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Multijurisdictional Practice for a Multijurisdictional Profession

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University of Nebraska - Lincoln of Nebraska - Lincoln College of Law, Faculty Publications Law, College of Multijurisdictional Practice for a Multijurisdictional Profession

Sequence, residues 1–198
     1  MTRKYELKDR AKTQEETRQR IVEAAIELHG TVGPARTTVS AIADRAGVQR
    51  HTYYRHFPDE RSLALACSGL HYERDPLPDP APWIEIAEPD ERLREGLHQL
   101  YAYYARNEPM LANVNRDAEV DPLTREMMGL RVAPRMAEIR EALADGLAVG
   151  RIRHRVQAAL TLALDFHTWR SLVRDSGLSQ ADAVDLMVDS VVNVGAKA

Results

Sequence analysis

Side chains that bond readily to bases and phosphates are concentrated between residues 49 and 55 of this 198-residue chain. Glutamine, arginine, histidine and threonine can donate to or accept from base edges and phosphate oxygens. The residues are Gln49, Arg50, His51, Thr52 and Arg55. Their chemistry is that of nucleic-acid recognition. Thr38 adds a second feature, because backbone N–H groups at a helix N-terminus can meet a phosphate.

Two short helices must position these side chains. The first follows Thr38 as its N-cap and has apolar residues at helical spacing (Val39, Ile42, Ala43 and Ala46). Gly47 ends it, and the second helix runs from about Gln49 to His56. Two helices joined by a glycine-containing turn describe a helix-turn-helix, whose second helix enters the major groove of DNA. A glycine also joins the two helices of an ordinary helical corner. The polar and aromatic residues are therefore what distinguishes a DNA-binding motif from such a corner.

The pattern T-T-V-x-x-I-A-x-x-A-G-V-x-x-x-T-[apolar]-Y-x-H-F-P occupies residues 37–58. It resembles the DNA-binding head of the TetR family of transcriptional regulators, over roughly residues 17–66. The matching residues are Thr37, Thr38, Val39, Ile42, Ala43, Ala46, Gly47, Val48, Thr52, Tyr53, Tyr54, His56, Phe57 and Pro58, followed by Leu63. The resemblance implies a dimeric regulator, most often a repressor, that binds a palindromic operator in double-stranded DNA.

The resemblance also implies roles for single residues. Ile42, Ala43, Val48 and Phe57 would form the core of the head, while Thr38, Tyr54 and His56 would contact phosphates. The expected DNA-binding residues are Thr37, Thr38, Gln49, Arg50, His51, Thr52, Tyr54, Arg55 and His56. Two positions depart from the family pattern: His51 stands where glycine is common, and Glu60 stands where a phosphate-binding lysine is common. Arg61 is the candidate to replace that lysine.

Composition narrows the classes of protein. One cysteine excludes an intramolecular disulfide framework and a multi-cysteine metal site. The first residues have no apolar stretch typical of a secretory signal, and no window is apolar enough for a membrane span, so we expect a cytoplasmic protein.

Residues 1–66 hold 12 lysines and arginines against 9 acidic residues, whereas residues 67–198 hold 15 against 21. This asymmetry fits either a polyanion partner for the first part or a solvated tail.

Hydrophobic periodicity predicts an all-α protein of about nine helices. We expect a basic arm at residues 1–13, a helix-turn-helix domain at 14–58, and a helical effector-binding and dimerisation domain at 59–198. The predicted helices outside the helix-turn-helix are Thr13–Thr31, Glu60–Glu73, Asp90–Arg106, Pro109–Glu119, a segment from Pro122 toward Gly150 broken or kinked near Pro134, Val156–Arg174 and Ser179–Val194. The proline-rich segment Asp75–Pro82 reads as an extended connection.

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University of Nebraska - Lincoln of Nebraska - Lincoln College of Law, Faculty Publications Law, College of Multijurisdictional Practice for a Multijurisdictional Profession Susan Poser University of Nebraska - Lincoln, Follow this and additional works at: Part of the Legal Studies Commons Poser, Susan, Multijurisdictional Practice for a Multijurisdictional Profession (2003). College of Law, Faculty Publications. Paper 39. This Article is brought to you for free and open access by the Law, College of at of Nebraska - Lincoln. It has been accepted for inclusion in College of Law, Faculty Publications by an authorized administrator of of Nebraska - Lincoln. Susan Poser* Multijurisdictional Practice for a Multijurisdictional Profession 1. INTRODUCTION The issue ofmultijurisdictional practice ( MJP ) concerns whether, and to what extent, lawyers can practice law in states in which they are not licensed. 1 Under current law in Nebraska and almost every other state, it may be a violation of both the ethics rules and state law for a lawyer not licensed in that state to engage in activity that constitutes the practice oflaw, even on a temporary basis. 2 This is law that is no longer practical or necessary and Nebraska should now consider modifying it. Passing the bar in one state means that one is only licensed to practice law in that state. Disciplinary Rule 3-101(B) ofthe Nebraska Code ofprofessional Responsibility states, A lawyer shah not practice law in ajurisdiction where to do so would be in violation ofregulations of the profession in that jurisdiction. 3 Former Model Rule of Professional Conduct 5.5 states a similar prohibition. 4 Clearly, it is a violation of the regulations of the profession to practice law in Nebraska without passing the bar exam or being admitted on motion. 5 Copyright held by the NEBRASKA LAW REVIEW. * Assistant Professor, University of Nebraska College of Law. Ph.D 2000, J.D. 1991, University of Califomia, Berkeley; BA 1985, Swarthmore College. 1 wish to thank Andrea Schaneman for her research assistance. 1. AB.A CENTER FOR PROFESSIONAL RESPONSIBILITY, CLIENT REPRESENTATION IN THE 21ST CENTURY: REPORT OF THE COMMISSION ON MULTIJURISDICTIONAL PRAC TICE 4 (Aug. 12, 2002), [hereinafter MJP REPORT]. 2. Id. at 8; see also, William T. Barker, Extrajurisdictional Practice by Lawyers, 56 Bus. LAw. 1501, 1505 (2001) ( Literally read, the law in most jurisdictions is highly restrictive, with no real allowance for multi-state matters except the possibility of admission pro hac vice in litigation matters. ). 3. But see, NEB. CODE OF PROF'L RESPONSIBILITY EC 3-9 (1996); infra text accompanying note See MoDEL RULE OF PROF'L CONDUCT R. 5.5 (2000) (amended 2002). 5. The other way in which nonlawyers may practice in Nebraska is ifthey are thirdyear law students supervised by a lawyer admitted to the Nebraska Bar. See NEB. REV. STAT (Reissue 1997). 1379 1380 NEBRASKA LAW REVIEW [Vol. 81:1379 In addition to being a violation of the ethics rules, it is also a class III misdemeanor to practice law in Nebraska without a license. 6 Most states make the unauthorized practice oflaw ( UPL ) a misdemeanor, although sorne, like South Carolina, make it a felony punishable by a $5, fine and/or five years in jail.7 In 2000, the President of the American Bar Association ( ABA ) appointed the Commission on Multijurisdictional Practice ( MJP Commission ) to study multijurisdictional practice and to make policy recommendations to the ABA. In August 2002, the ABA adopted revised Model Rule 5.5. This revised Model Rule significantly changes the prior version of the Model Rule by explicitly permitting lawyers to practice law on a temporary basis in states in which they are not licensed. II. CURRENT LAW & REGULATION OF MJP Under current rules, if you are licensed to practice only in Nebraska, it might be unethical and illegal to meet with a Nebraska client in Denver in order to prepare for a trial there, even if you anticipate pro hac vice admission. 8 The cases indicate that an Iowa lawyer might run into trouble ifshe went to Nebraska to advise a corporate client with businesses in both states on a matter of Nebraska tax law, but might be safe if she only advised that client on federal taxes,9 or discussed Nebraska law only on the phone from her office in Des MoineslO. 6. See id. ( [Nlo person shah practice as an attorney or counselor at law... unless he has been previously admitted to the bar by order ofthe Supreme Court ofthis state. ). 7. See S.C. CODE. ANN (Law. Co-op. 2002). For a chart of state UPL provisions, see 8. Koscove v. BoIte, 30 P.3d 784 (Colo. Ct. App. 2001). 9. See, e.g., In re Peterson, 163 B.R. 665 (Bankr. D. Conn. 1994) (holding that it is permissible for an out-of-state lawyer to advise clients on federal bankruptcy law, but not state bankruptcy law); Cowen v. Calabrese, 41 Cal. Rptr. 441 (Ct. App. 1964) (holding that it is not the unauthorized practice of law for an out-of-state lawyer to assist a client on matters offederal bankruptcy law). In Sperry u. Florida ex rel. Florida Bar, 373 D.S. 379 (1963), the Supreme Court held that nonlawyers licensed by the Federal Patent Office could not be prosecuted for the unauthorized practice of law in Florida. This would apply to lawyers practicing patent law as weh. See Charles W. Wolfram, Sneaking Around in the Legal Profession: InterJurisdictional Unauthorized Practice by Transactional Lawyers, 36 S. TEX. L. REV. 665, 713 n.25 (1995). The rule that lawyers practicing purely federal law cannot be prosecuted or disciplined for unauthorized practice was given a narrow reading in Attorney Grieuance Comm'n of Maryland u. Harris Smith, 737 A.2d 567 (Md. 1999), which held that triaging cases in order to determine ifthere were federal bankruptcy issues might be the unauthorized practice of law if it involved determining if there were state claims involved, even if the lawyer did not subsequently represent the client on those state claims. 10. See Fought & Co., Inc. v. Steel Eng'g & Erection, Inc., 951 P.2d 487 (Haw. 1998). 2003] MULTlJURISDICTIONAL PRACTICE 1381 The reason that many lawyers do not consider it risky to engage in sorne or ail of this conduct is that the rules prohibiting multijurisdictional practice are not weil defined and are almost entirely unenforced. State disciplinary counsel simply have more important things to do than run around trying to catch lawyers taking illicit depositions. ll One commentator referred to this as the don't ask, don't tell policy for multijurisdictional practice,12 while another calls it sneaking around. l3 Nevertheless, the threat of enforcement of both the ethical rules and the laws prohibiting the unauthorized practice oflaw exists.l4 More importantly, even if the threat is so small that it can safely be ignored, lawyers must acknowledge the fact that, as the MJP Commission put it, keeping antiquated laws on the books breeds public disrespect for the law, and that this is especially so where the laws relate to the conduct of lawyers, for whom there is a professional imperative to uphold the law. l5 Although state disciplinary counsel tend not to be interested in enforcing these rules, clients occasionally find them useful. In 1998, in Birbrower, Montalbano, Condon & Frank, P.C. v. Superior Court,l6 lawyers from a New York firm that represented sister corporations in New York and California spent a lot oftime in California preparing for a California arbitration. After the case settled, the client sued the attorneys for malpractice. When the lawyers countersued for their fees, which were in excess ofone million dollars, the clients argued that the fees should be forfeited because the lawyers violated California's Unauthorized Practice of Law statute by practicing in astate where they were not licensed,17 The clients won, the court forfeited the fees, and it sent shock waves through the legal community. Other courts around the country have reached similar conclusions.l8 The concern that these cases raised prompted the ABA in 2000 to form the MJP Commission. 11. See Barker, supra note 2, at Scott Brede, Small Hope Remains for UPL Change in Connecticut, CONN. L. TRIB., Aug. 8, 2002, available at 13. Wolfram, supra note 9, at See MJP REPORT, supra note 1, at 12 ( Irrespective ofthe low risk ofenforcement, lawyers and law firms take jurisdictional restrictions seriously. ). 15. Id P.2d 1 (Cal. 1998). 17. In a recent case before the Supreme Court of Virginia, a notice of appeal from a six million dollar judgment was held invalid under court rules because it was signed by a lawyer admitted pro hac vice, but not a member of the Virginia Bar. A Virginia lawyer subsequently signed an amended notice of appeal, which was also rejected because an amendment presupposes a valid instrument as its object. Because the... notice of appeal was invalid, there was nothing to amend. Wellmore Coal Corp. v. Harman Mining Corp., 568 S.E.2d 671, 673 (Va. 2002) 18. See generally, Pamela A. McManus, Have Law License; Will Travel, 15 GEO. J. LEGAL ETHICS 527, 528 (2002); Barker, supra note 2. 1382 NEBRASKA LAW REVIEW [Vol. 81:1379 III. POLICY CONSIDERATIONS In order to decide what should be the parameters of ethical practice in astate where a lawyer is not licensed, we have to consider sorne very basic issues about the nature of law practice in the twenty-first century. Historically, the state supreme courts have regulated the lawyers in their states,19 This was originaily a function oflocal courts needing to ensure the competence of lawyers who practice before them.20 Yet, these rules apply to ail lawyers, including transactional lawyers who never appear in court. Many states also write their own portion ofthe bar exam, thereby determining what lawyers should know in that state. For these lawyers, state regulation is valuable insofar as it tends to promote familiarity with state law. Membership in astate bar also encourages participation in local bar organizations, which in turn fosters attention to law reform and pro bono activity.21 States not only regulate their own lawyers, they also set the criteria for admission to the bar, which most states take very seriously.22 The MJP Commission found that [i]n general, states have greater confidence in their own admissions processes than in that of sister states.23 In New Jersey, passing the bar is not even enough-there is also the bona fide office rule. In order to practice law in New Jersey, the lawyer has to maintain what is called a bona fide office in the state.24 As part of the admissions process, state supreme courts have the final say in the character and fitness aspect ofbar admission, and the standards for character and fitness vary somewhat from case to case and from state to state. In Texas, scrutiny of future bar applicants begins in the first year of law school, when students are required to 19. State regulation of lawyers has existed for more than two centuries. MJP RE PORT, supra note 1, at See id. 21. Approximately two-thirds of the states require that lawyers be members of the state bar in order to practice law in that state (this is known as having an integrated or mandatory bar). See DEBORAH L. RHODE & DAVID LUBAN, LEGAL ETHICS 63 (3d ed. 2001). Nebraska is among those states requiring bar membership. See In re Integration of Nebraska State Bar Ass'n, 133 Neb. 283, 275 N.W. 265 (1937). 22. See, e.g., Spanos v. Skouras Theatres Corp, 364 F.2d 161, 171 (2d Ciro 1966) (en banc) (stating that [tlhe disparity in requirements for admission to the bar gives astate maintaining high qualification standards some interest in seeing that its residents do not take action even on a federal right solely on the advice of a lawyer from another state ). 23. MJP REPORT, supra note 1, at New Jersey Court Rule 1:21-l(a) requires that New Jersey lawyers maintain a bona fide office for the practice oflaw in New Jersey regardless ofwhere they are domiciled. This rule is currently under review by the New Jersey Supreme Court. 2003] MULTIJURISDICTIONAL PRACTICE 1383 give the Board of Law Examiners access to ah of the records deemed relevant to their moral character and fitness. 25 Yet, despite the stateby-state determination of character and fitness to practice law, states tend to evaluate the character and fitness of bar applicants in similar ways. For example, the types of conduct that the Nebraska Supreme Court has viewed as indicating inadequate character and fitness for law practice is fairly typical and reflected in cases from other states. In its most recent cases, the Nebraska Supreme Court upheld a denial ofadmission to applicants who exhibited behavior ranging from inappropriate 26 to criminal27 while in law school. Failure to disclose information on a bar application is also grounds for denial of admission in Nebraska.28 Other states have cited similar grounds for denying admission on the basis of the applicant's character and fitness. 29 Thus, there is no reason to think that ifnebraska ahowed out-of-state lawyers to practice temporarily in Nebraska, the people of Nebraska would be put at risk of falling victim to lawyers of lesser moral character. In contrast to the way in which lawyers are regulated, the reality now is that most lawyers do not limit their practices to one state and to the laws of one state. Advances in communication and mobility have made interstate, and even global, practice much more common and necessary. If a client's business spans more than one state, then it is obvious that the advice that client will need will involve the laws of more than one state. 30 It is expensive, time-consuming, impractical, and inefficient to hire local counsel every time a client needs services out ofstate. 31 Although lawyers routinely hire local counsel, it is a waste of resources ifthe out-of-state lawyer is competently doing all of the work. If the local counsel is required to supervise out-of-state lawyers and participate in the legal matter, there is substantial time and effort involved in bringing a locallawyer up to speed on an ongoing matter. If, on the contrary, hiring local counsel is a mere formality, then the expense is not justifiable as being in the client's best interest. Moreover, because the current rules are ill-defined, lawyers 25. See McManus, supra note 18, at ln re Converse, 258 Neb. 159, 602 N.W.2d 500 (1999). 27. See ln re Majorek, 244 Neb. 595, 508 N.W.2d 275 (1993). 28. See id. at 604 (citing cases from many states that hold that false, misleading, or evasive answers to bar application questions may be grounds for a finding oflack of requisite character and fitness ). 29. See, e.g., ln re Hanus, 627 N.W.2d 223 (Iowa 2001) (denying admission in Iowa to an applicant who had previously been denied admission in Nebraska for lack of character and fitness); ln re Widdison, 539 N.W.2d 671 (S.D. 1995) (denying applicant admission because of plagiarism and honor code violations during law school). 30. See Wolfram, supra note 9, at ( the practice oflaw has mimicked the increasingly multijurisdictional nature of the business of... clients ). 31. See id; MJP REPORT, supra note 1. 1384 NEBRASKA LAW REVIEW [Vol. 81:1379 do not know when it is necessary to hire local counsel, as the Birbrower case demonstrates. 32 Thus, even if the bench and bar of Nebraska believe that local counsel should be hired for certain types of legal tasks performed by attorneys licensed out ofstate, such as litigation, those tasks must be more clearly defined so that lawyers and clients have notice of when local counsel is required. Not only is it increasingly necessary to advise clients on the laws of many states, it is also easier to do so than it has ever been. One can look up the laws and cases of every state and many countries just by sitting in front of a computer. Federallaw has expanded to the point that many lawyers specialize in one federal statutory scheme, like bankruptcy or ERISA, and their knowledge is equally useful and applicable in every state. 33 Even lawyers who only serve in-state clients are often required to become experts in the federal and administrative law aspects of their practices. 34 This specialized knowledge in turn offers the opportunity to expand one's law practice, and it makes lawyers more attractive to out-of-state clients. The advent oflegal advertising, particularly on the internet, has also increased demand for interstate practice as clients easily learn about out-of-state lawyers and their areas of expertise. 35 IV. UPL VS. MJP If the first commitment of lawyers is to serve their clients competently and ethically, and ifone ofthe main purposes ofregulating lawyers is likewise to prevent clients and potential clients from becoming victims of incompetent and unethical conduct, then we must consider whether it is in the interest of clients to prohibit interstate legal practice. In considering that question, it is important to distinguish and treat separately two issues that tend to get conflated. First, there is the MJP question: should lawyers admitted in one jurisdiction be permitted to practice law in another? The prohibition on MJP prevents licensed, practicing lawyers who have passed the bar in one state from 32. See supra note 16 and accompanying text. 33. See Attorney Grievance Comm'n ofmaryland v. Harris-Smith, 737 A.2d 567 (Md. 1999) (bankruptcy attorney may practice bankruptcy law exclusively before the federal court in the state in Maryland where she was not licensed, but lawyer engaged in the unauthorized practice of law by considering state law when she prescreened bankruptcy clients in Maryland to determine if their cases involved only federal bankruptcy law). 34. See Fred C. Zacharias, Federalizing Legal Ethics, 73 TEX. L. REV. 335, 342 (1994). 35. See id. at 343; David A. Gerregano, Annotation, What Constitutes Unauthorized Practice oflaw by Out-ofState Counsel, 83 A.L.R.5th 497 (2000); Illinois State Bar Ass'n, Advisory Op. on Profl Conduct (1994) (solicitation of personal injury clients by letter by out-of-state attorney constitutes the unauthorized practice of law). 2003] MULTlJURISDICTIONAL PRACTICE 1385 practicing law in other states.36 Second, there is the UPL question: should nonlawyers be permitted to practice law, or to do tasks that would, if performed by a lawyer, be considered legal tasks? It may seem obvious that these are different issues, yet there is considerable overlap in application of both provisions. The UPL statutes generahy prohibit practicing law without a license. ''Without a license can mean without any license, or without a license to practice in that particular state. In Nebraska, for example, the UPL statute states that no person shah practice as an attorney or counselor at law... unless he has been previously admitted to the bar by order of the Supreme Court ofthis state. 37 Former Model Rule 5.5 and Nebraska Code DR 3-10lCB) prohibit practicing law in violation ofthe regulation of the profession, which has been taken to make reference to the UPL statutes prohibiting practicing law without astate license.38 Thus, the UPL statutes, which are intended to prevent nonlawyers from practicing law, are referenced in the ethics codes in such a way as to prohibit multijurisdictional practice by licensed lawyers. But this overlap between the ethics rules and the UPL laws masks the considerable difference, from a policy perspective, between nonlawyers practicing law, and lawyers practicing law in states in which they are not licensed. Statutes prohibiting the unauthorized practice oflaw are primarily intended to protect the public by preventing nonlawyers from holding themselves out as lawyers.39 Although reasonable people can disagree about the motivation behind laws that make it a crime for a competent paralegal to write a simple will, most people will agree that, in general, the UPL laws help to protect the pub